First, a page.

The K Zone News
A Series by Maddie Marriott and Mike Duffy
Installment #3 by Maddie Marriott
January 24th, 2019
Your favorite series is back and better than ever with its third installment. If you’re new to this series, check out the first two installments here: AL West and AL Central. In this series, we take a look at what makes a team who they are: their name. Today we’ll be checking out the five teams in the NL Central Division: The Chicago Cubs, the Cincinnati Reds, the Milwaukee Brewers, the Pittsburgh Pirates, and the St. Louis Cardinals.
The Chicago Cubs
The organization now known as the Cubs started out as the Chicago White Stockings. Interestingly enough, there is no relationship between this team and the current White Sox- today’s White Sox took the name after this organization dropped it in 1889. I’ve also read that the team wore shoes of “white goatskin,” which doesn’t really scream “baseball uniform” to me, but I guess the late 1800s was a weird time for fashion, as evidenced by the huge dresses and weird hats. Anyway, that name stuck until 1889, when the team became known as the Colts due to the young ages of their players. They were called the Colts until 1897, when they became known as the Orphans for a short time after Cap Ansen left the team, leaving them without a manager.
The Cubs that Chicago fans know and love were known by that name starting in 1902. The name was first used by a newspaper journalist, again the result of the youth of the team, as well as their new manager, Frank Selee. Some still used their previous names, but the short and sweet “Cubs” caught on rather quickly, and by 1907, it was the official name of the team.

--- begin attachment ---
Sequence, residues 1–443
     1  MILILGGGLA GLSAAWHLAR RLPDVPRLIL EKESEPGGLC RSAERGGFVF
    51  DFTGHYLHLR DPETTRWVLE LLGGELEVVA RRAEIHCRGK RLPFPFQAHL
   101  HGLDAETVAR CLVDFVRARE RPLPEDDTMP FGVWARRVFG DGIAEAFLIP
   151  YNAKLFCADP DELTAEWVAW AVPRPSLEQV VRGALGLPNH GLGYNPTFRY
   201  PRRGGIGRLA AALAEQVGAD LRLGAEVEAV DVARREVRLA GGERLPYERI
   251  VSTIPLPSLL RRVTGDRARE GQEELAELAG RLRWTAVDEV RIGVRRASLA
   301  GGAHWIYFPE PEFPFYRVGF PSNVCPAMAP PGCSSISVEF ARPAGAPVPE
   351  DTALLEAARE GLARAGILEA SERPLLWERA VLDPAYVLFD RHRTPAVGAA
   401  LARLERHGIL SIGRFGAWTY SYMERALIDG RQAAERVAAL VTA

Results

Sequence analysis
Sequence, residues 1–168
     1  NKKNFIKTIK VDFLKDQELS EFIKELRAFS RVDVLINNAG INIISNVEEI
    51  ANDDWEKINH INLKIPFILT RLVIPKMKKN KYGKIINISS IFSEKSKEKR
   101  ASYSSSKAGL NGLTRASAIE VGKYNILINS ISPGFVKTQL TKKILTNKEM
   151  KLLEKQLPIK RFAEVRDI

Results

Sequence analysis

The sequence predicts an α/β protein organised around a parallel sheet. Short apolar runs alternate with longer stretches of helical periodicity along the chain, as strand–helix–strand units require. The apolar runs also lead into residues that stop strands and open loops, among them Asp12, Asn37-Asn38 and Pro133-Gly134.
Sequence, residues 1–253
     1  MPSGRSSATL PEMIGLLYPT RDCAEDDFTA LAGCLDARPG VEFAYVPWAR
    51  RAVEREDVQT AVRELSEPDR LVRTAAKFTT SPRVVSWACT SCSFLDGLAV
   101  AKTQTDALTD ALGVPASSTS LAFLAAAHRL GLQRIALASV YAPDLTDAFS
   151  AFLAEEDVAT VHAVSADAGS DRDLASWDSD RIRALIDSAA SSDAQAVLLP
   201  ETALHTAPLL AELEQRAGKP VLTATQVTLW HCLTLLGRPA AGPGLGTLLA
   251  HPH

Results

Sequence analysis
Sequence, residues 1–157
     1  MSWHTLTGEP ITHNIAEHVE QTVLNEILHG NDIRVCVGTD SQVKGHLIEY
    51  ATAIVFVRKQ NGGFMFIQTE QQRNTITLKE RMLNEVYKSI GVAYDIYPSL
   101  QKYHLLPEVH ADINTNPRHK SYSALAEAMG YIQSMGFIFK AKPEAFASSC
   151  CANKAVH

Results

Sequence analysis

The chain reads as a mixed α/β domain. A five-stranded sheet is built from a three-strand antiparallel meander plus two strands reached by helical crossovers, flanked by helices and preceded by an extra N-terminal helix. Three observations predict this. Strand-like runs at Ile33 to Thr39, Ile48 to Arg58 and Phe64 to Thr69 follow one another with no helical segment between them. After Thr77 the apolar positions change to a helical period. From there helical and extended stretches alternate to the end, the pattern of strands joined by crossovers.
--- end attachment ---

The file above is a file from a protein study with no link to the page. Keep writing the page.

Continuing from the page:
The Cincinnati Reds
Cincinnati teams have been known as the Red Stockings since professional baseball originated in the city in 1869. We all know how baseball players feel about their socks, so I bet you can guess where this name came from. This specific Red Stockings organization formed in 1882, and they quickly became known as the Reds, the shortened name being placed on uniforms by 1911.
The Reds changed things up for a while in the 1950s to make sure they wouldn’t be associated with Communism. During a time when everyone thought everyone else was a secret Communist thanks to Senator McCarthy of Wisconsin, Cincinnati took steps to ensure that baseball, the most American of activities, would not come under any suspicion from the government. From 1953 to 1961, Cincinnati’s baseball team was known as the Redlegs, a small but important distinction. Interestingly enough, the team kept the large “C’ in their logo during the so-called Red Scare until 1955, which, although seemingly inconsequential now, would have probably been enough to arouse suspicion at the time.
The Milwaukee Brewers
The franchise now known as the Brewers was born in Seattle as the Pilots in 1969. The Pilots derived their name from Seattle’s history with William Boeing, aviation pioneer who founded the Boeing Company in 1916. The Boeing Airplane Company was soon a staple of the Pacific Northwest, including the city of Seattle, and came to dominate industry in the region.